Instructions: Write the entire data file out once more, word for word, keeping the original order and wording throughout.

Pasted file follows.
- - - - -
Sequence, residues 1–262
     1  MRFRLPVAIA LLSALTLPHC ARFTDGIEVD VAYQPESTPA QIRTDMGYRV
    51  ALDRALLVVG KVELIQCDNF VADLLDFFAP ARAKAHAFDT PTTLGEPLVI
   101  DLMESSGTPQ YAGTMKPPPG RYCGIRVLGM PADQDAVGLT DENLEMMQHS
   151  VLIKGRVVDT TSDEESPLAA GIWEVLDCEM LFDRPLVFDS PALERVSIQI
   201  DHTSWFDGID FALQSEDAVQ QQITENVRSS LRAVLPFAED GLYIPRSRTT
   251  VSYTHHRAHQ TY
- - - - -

Sequence, residues 1–262
     1  MRFRLPVAIA LLSALTLPHC ARFTDGIEVD VAYQPESTPA QIRTDMGYRV
    51  ALDRALLVVG KVELIQCDNF VADLLDFFAP ARAKAHAFDT PTTLGEPLVI
   101  DLMESSGTPQ YAGTMKPPPG RYCGIRVLGM PADQDAVGLT DENLEMMQHS
   151  VLIKGRVVDT TSDEESPLAA GIWEVLDCEM LFDRPLVFDS PALERVSIQI
   201  DHTSWFDGID FALQSEDAVQ QQITENVRSS LRAVLPFAED GLYIPRSRTT
   251  VSYTHHRAHQ TY